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On lineage

David Epps's picture

When I first moved to Georgia nearly 27 years ago, a shopkeeper said, “Epps ... hmmm. Unusual name. Where are you from?”

“I moved here from Colorado,” I replied.

“No, no,” he responded, “Where are your people from?”

“Northeastern Tennessee,” I shared.

He looked at me in disgust and said, “That’s what’s wrong with you people from the South. You don’t know where you’re from.”

My response was a confused look. “Look,” he said. “My family comes from Italy. My wife’s family is German. You see?”

“Oh, sure,” I replied.

“So, where are your people from?” he insisted.

“We are from the South.” With a snort he went back to his work.

In truth, I had no idea where “my people” came from. It had never mattered. We were “Americans by birth and Southern by the grace of God.” Nothing else was ever discussed.

So, the next time I was in Tennessee, I brought it up. Dad wasn’t sure either. He thought that the Epps name hailed from Germany and he was quite certain that my mother’s maiden name, Luster, was Irish in origin. That was good enough for me. Suddenly I was a German-Irish-American Southerner, with a dash of Cherokee thrown in a few generations back.

Much later, I discovered that the Epps name apparently wasn’t German at all but English in origin. Many of those who have the name Epps, Eppes, Epes, and other variations trace their beginnings to Kent, England.

I can trace my father’s lineage back to before the War Between the States and there it gets murky. So, I was an English-Irish-American Southerner, with a dash of Cherokee thrown in a few generations back.

And since my great-great grandfather Alexander Epps was a private in the 63rd Tennessee Infantry and battled the invading blue hoard from the North, I guessed I was really an English-Irish-Confederate-American Southerner, with a dash of Cherokee thrown in a few generations back.

But then, just a few years ago, I visited Ireland. Ireland is such a beautiful land. Even in January, the green hues were stunning and the people and country were magnificent. I loved the food, the music, the accents, the people, the history ... I was so happy to be Irish.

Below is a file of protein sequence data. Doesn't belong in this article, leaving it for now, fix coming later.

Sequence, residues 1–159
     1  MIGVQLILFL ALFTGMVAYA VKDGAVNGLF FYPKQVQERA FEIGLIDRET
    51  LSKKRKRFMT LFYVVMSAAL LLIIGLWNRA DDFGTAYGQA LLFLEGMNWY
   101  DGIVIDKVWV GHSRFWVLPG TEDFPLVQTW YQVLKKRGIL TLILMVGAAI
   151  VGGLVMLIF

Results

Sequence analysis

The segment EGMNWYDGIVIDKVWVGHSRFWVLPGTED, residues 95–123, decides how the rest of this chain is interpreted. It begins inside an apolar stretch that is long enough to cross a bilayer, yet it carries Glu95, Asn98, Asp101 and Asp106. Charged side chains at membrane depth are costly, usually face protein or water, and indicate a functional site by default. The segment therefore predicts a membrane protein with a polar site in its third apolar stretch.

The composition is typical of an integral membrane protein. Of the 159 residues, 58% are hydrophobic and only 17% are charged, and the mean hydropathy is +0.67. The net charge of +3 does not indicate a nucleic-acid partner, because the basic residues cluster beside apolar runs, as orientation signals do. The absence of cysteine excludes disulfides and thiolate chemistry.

Until I was informed by the tour guide that Luster was an English name. “Have ye ne’er heerd of Lustershire, in England?” he inquired. I had not. I was crushed.

For years, I held on to the joy of being Irish and now it seemed that I was an English-English-American Southerner with a dash of Cherokee blood ... and even that Cherokee part cannot be documented and the claim is held in dispute by some family members.

I have been told that one reason my strain of the Epps lineage may be murky is that, somewhere in the first part of the 1800s, there may be a mulatto in the mix — an ancestor born of black and white parents — whose name would not necessarily have been recorded in the books of that day. So, potentially throw African into the equation.

There are other lines left to trace, of course. I suspect that, like most Americans, I am really a mongrel — a mix of many breeds. Here in this giant melting pot, nationalities tend to bleed into each other and run together. So be it. The best dogs I ever owned were mongrels, too.
While I was a bit sad this last St. Patrick’s Day (I really did like the idea of being Irish), I finally know and have come to terms with who I am and where I come from.

I am American by birth and Southern by the grace of God.

[David Epps is the pastor of the Cathedral of Christ the King, 4881 Hwy. 34 E., Sharpsburg, GA 30277. Services are held Sundays at 8:30 and 10 a.m. ( He is the bishop of the Mid-South Diocese ( and is the mission pastor of Christ the King Fellowship in Champaign, IL. He may be contacted at]


I served in Germany with the US Army 1960-1965 and had a working associate in Italy named Jim Epps. We did meet several times during operational conferences and meetings. Professionally, we got along fine; personally, we did not.

Father Epps,

Bravo to you for sharing about the wonderful array of genetics that flow within your veins. You are correct...we are all a little "mixed up" and that is something to be treasured and proud of. Most importantly though we are all Americans!

P.S. I have come across a number of people of color with that last name so you really may have a little "soul brother" in you! :)

in your family?
How about Li?
Any Druveckic?
Chang Chong?
King Kong?

Are "the people of color" the Indians that Epps has as family, or some other race?
Let's see, Orientals are somewhat yellowish or brown. That is a people of color.
Some Italians are somewhat dark, but they are not usually called people of color.
The Irish have red noses for the most part and wear a lot of green--but that probably wouldn't count.
White is the absence of color isn't it?
Does a very dark room full of flowers cause the flowers to have no colors?
It is hard to tell without turning on the light.....ooops I get it!

Africa has enormous amounts of brown and black people who certainly are of color.
But I never heard of one African native named Father Epps!

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